One of the threshold issues in COVID-19 insurance coverage cases that have been brought across the country is whether the policyholder’s allegations meet the applicable pleading standard in alleging that the virus caused physical loss or damage. In many cases, the courts have gotten it wrong, effectively holding policyholders to a higher standard than required. But recently, a California federal judge righted those wrongs by acknowledging the correct pleading standard in that case, which is whether the allegations state a plausible claim for relief. Ashcroft v. Iqbal, 556 U.S. 662, 679 (2009). The Court, here, correctly recognized that the policyholder, the Los Angeles Lakers, met that pleading standard when it alleged that the COVID-19 virus can cause physical loss or damage by physically altering property.
Continue Reading California Court Forces Insurer to Play Ball in COVID-19 Insurance Coverage Suit

The Hunton insurance recovery team recently offered support in a matter of great importance to Maryland policyholders. The case is pending before the Maryland Court of Appeals on a question certified from a Maryland federal court in a COVID-19 business interruption insurance lawsuit brought by clothing manufacturer, Tapestry, Inc. Tapestry, the parent of luxury brands

Hurricane Ian is rapidly approaching the west coast of Florida and is expected to make landfall as a Category 4 hurricane near the Tampa area within the coming days. While the exact track is still being determined, there is a chance the storm may also impact insureds in Georgia and South Carolina. Now is the

As reported on this blog, policyholders have long been of the view that the presence of substances like COVID-19 and its causative virus  SARS-CoV-2, which render property dangerous or unfit for normal business operations, should be sufficient to trigger coverage under commercial all-risk insurance, as has been the case for more than 60 years.

However, many courts, federal courts in particular, despite decades of pro-policyholder precedent, have embraced the view that “viruses harm people, not [property].”  Thirty-one months after the start of the pandemic, the first state high court has gone in a different direction, according greater weight to pro-policyholder precedent.

Continue Reading Vermont Supreme Court Finds COVID-19 May Damage Property

Recently, an Illinois federal judge ruled that where government shutdown orders due to COVID-19 in different states impacted one insured, that insured suffered separate occurrences in each effected state. Dental Experts, LLC v. Massachusetts Bay Ins. Co., No. 20 C 5887, 2022 WL 2528104 (N.D. Ill. July 7, 2022).
Continue Reading COVID-19 Losses and Number of Occurrences

Prior posts in this series have discussed insurance coverage issues that pertain directly to wildfire claims, but we have not yet addressed how one proceeds following a loss.  In this post in the Blog’s Wildfire Insurance Coverage Series, we discuss the preparation, submission and negotiation of the insurance claim.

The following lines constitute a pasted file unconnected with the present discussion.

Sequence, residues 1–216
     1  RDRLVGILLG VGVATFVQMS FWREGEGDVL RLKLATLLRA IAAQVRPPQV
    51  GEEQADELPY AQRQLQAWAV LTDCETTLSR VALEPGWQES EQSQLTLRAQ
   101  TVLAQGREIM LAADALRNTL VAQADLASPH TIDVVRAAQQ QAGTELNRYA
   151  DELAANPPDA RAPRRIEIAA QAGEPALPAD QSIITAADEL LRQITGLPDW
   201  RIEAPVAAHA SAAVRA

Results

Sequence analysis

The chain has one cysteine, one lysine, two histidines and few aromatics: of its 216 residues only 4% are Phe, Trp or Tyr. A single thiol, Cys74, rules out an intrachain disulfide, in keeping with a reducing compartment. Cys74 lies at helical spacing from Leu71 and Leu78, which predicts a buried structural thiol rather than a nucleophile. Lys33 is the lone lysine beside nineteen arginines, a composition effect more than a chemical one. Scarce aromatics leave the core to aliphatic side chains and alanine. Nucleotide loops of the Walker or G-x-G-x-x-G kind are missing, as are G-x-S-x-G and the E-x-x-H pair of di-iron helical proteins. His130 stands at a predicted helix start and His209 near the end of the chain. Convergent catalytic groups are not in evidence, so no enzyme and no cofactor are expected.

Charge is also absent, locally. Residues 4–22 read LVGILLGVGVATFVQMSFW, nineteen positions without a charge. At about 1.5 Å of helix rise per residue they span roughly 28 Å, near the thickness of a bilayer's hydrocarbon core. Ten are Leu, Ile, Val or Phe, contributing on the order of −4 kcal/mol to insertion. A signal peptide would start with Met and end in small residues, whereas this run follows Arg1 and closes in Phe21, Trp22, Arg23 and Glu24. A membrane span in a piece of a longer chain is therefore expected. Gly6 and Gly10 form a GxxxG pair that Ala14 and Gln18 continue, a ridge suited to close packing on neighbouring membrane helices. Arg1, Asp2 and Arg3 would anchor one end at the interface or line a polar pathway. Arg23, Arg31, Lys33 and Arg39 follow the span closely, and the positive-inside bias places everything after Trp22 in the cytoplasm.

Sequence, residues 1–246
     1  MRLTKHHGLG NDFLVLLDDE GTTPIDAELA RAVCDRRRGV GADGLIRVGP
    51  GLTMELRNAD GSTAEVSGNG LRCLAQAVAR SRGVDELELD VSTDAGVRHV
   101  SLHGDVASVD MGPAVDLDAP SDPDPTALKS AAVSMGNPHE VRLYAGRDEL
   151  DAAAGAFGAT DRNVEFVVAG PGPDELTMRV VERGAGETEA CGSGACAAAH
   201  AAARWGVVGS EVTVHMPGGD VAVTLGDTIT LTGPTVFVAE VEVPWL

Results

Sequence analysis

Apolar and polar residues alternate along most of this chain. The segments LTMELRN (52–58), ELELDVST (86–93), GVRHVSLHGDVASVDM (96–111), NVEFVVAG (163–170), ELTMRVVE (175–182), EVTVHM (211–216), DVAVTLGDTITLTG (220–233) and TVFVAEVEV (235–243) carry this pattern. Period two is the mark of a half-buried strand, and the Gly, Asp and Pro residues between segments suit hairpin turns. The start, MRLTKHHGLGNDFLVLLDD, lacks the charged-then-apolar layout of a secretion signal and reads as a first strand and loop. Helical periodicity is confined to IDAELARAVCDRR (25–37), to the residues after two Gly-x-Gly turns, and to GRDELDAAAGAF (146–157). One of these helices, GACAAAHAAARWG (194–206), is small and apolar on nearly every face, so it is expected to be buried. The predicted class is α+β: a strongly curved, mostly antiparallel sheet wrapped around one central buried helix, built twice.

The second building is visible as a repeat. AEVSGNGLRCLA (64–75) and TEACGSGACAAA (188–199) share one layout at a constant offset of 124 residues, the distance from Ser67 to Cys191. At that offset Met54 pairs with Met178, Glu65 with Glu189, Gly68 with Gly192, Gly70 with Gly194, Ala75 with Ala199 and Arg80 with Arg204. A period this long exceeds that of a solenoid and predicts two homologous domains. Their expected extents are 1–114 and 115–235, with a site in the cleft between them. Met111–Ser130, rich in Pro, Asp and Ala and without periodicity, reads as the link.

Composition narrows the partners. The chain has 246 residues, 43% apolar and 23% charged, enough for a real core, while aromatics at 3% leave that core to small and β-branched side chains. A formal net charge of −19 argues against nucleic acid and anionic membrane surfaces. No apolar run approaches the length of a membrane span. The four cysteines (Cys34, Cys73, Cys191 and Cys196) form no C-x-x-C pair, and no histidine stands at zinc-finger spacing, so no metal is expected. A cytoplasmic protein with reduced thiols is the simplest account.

Continue Reading Wildfire Insurance Coverage Series, Part 7: How to Successfully Prepare, Submit and Negotiate the Claim 

Because of the potential exposure associated with wildfires, many insurers have attempted to withdraw from the property coverage market in various states. In this post in the Blog’s Wildfire Insurance Coverage Series, we discuss the challenges businesses and individuals face in obtaining wildfire insurance coverage, and the regulatory scheme that is intended to help them secure adequate coverage.
Continue Reading Wildfire Insurance Coverage Series, Part 6: Ensuring Availability of Insurance and State Regulations

Insurance policies provide different levels of insurance coverage and even if the amount purchased was adequate at one time, developments over time (e.g., inflation, upgrades, regulatory changes and surge pricing) may leave the policyholder underinsured. In this post in the Blog’s Wildfire Insurance Coverage Series, we emphasize the need for policyholders to take a close look at the policy’s terms to select the right type and amount of coverage for a potential loss.
Continue Reading Wildfire Insurance Coverage Series, Part 5: Valuation of Loss, Sublimits, and Amount of Potential Recovery

Business loss is not limited to fire or smoke damage to its own property – it often arises from damage to the supply chain. In this post in the Blog’s Wildfire Insurance Coverage Series, we look at what coverage may exist when wildfire damages an entity’s supply chain.
In many instances, while the insured property does not sustain fire or smoke damage, wildfires can wreak havoc on the business supply chain. For some, contingent business interruption coverage may be a solution. Contingent business interruption insurance extends coverage for the loss of prospective earnings because of an interruption in the insured’s supply chain that is caused by damage to property that the insured neither owns nor operates. Typically, the property covered is of a supplier or customer. For example, in 2000, Ericsson Telecom A.B., a mobile phone manufacturer, presented a substantial contingent business interruption claim based on a fire that damaged a Royal Philips Electronics semiconductor plant. Royal Philips supplied critical components for Ericsson’s mobile phones. The fire caused Royal Philips to close its plant, halting Ericsson’s phone production for six weeks, resulting in substantial losses.

Continue Reading Wildfire Insurance Coverage Series, Part 4: Coverage for Supply Chain Related Losses

Even when claims are within the scope of coverage, insurers often rely on exclusions in an attempt to avoid coverage for wildfire claims. In this post in the Blog’s Wildfire Insurance Coverage Series, we discuss the interplay between coverage grants and exclusions, and the “anti-concurrent cause” provision.
Continue Reading Wildfire Insurance Coverage Series, Part 3: Standard Form Policy Exclusions